Second - don't be afraid to think outside the box. One day when I was shopping I spotted some fleece fabric which was printed to represent trees with branches and leaves. It's now hanging in the kitchen covering double sliding doors that face north. The kitchen is *much* warmer! Fleece may not be a typical drapery fabric, but it is nicely insulating and *very* washable.

Third - consider insulated "Roman shades". These are easy to sew panels that use a string system to pull them up to the top of windows when you want sun. I attach a simple wood 2x2 bar above the window and make my shades slightly wider than the window unlike what most pictures will show. I buy thick insulating blankets to act as the liner and fabric I like to be the side you see from inside the room. Unfortunately I have no easy way to show pictures, but if you pm me an email address, I can send you some (which you'd be welcome to post if that's in your skill set!) Also, I attach the drapes to the board with velcro, with the fluff side on the drape, so taking them down to wash is easy to do. Likewise, they require a bar at the bottom for rigidity and weight, and I make a button hole for this to slide into the casing, so it can be slid out for laundering.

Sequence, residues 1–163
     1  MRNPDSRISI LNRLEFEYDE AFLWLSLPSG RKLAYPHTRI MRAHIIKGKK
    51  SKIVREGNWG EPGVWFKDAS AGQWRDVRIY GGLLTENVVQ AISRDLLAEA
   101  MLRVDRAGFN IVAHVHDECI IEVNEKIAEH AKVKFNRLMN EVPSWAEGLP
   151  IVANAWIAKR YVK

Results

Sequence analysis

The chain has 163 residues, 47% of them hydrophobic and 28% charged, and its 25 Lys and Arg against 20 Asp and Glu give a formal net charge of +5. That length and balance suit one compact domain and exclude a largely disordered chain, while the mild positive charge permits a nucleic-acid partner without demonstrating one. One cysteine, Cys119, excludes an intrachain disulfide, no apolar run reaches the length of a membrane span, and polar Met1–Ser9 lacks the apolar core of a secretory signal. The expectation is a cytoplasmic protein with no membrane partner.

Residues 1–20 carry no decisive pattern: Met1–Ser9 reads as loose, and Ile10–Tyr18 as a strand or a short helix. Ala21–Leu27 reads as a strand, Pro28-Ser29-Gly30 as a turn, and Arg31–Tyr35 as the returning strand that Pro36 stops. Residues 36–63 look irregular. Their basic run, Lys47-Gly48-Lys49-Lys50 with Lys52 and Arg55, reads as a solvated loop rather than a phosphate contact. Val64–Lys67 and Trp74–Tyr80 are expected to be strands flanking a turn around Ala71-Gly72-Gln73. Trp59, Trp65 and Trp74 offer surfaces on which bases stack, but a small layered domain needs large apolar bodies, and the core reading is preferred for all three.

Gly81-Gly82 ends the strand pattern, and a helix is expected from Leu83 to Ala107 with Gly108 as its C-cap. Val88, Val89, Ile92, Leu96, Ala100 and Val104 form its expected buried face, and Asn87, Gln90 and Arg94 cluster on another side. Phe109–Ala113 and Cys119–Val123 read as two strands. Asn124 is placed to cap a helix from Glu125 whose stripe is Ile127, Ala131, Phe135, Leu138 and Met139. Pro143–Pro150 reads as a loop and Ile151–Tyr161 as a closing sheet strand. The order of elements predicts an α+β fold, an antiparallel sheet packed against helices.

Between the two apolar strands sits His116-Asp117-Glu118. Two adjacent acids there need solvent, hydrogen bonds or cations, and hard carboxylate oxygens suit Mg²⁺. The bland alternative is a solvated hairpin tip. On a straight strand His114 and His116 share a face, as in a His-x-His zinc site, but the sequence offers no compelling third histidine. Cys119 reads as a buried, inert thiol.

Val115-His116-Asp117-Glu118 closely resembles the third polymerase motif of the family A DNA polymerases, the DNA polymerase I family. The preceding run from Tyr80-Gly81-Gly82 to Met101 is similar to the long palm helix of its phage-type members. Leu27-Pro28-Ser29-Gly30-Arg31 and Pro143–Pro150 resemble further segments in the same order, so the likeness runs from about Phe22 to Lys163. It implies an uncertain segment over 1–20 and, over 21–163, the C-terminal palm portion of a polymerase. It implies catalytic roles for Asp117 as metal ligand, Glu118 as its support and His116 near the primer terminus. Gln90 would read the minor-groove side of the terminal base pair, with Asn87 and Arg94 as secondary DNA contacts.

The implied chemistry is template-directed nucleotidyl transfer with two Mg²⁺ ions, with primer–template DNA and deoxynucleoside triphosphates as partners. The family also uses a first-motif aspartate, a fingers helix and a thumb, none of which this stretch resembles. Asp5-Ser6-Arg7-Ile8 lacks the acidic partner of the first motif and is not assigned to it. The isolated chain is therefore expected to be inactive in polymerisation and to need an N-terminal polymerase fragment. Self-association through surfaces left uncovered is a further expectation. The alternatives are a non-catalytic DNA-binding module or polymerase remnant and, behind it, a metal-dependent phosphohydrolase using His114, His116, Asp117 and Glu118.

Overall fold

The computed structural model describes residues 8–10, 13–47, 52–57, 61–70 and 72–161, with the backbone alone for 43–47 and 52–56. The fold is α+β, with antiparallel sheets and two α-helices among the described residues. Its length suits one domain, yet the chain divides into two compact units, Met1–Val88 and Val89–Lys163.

Forth - I find that most commercial drapes are either very expensive or too cheap to last. Similarly, buying fabric by the yard can easily get expensive. I have bought quality flat cotton sheets to cut and hem as curtains, and there is usually many colours to choose from. (yeah I'm Canadian - colour is spelt with a "u", eh?) You can buy a smaller quantity of a matching printed fabric to make a decorative stripe or use as appliques if you want to get fancy.


These are just my quick thoughts - hope they help.
 
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First I don't get what roman shades are
Wooden shutters is really the way to go! Condensation wrecks the windows which can be expensive.
If you can scrape the money together get double glazing in most European countries it's mandatory - for a reason.
I sew lined curtains (three thick layers) I hate sewing!!!
I just think how about crochet?? I could do this at the market!
 
Jay Angler
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Roman Shades - 

I didn't watch the whole video, but the opening view shows one being closed.
 
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Here's a couple of variations on Roman shades folks might find useful.

Top down/bottom up shades: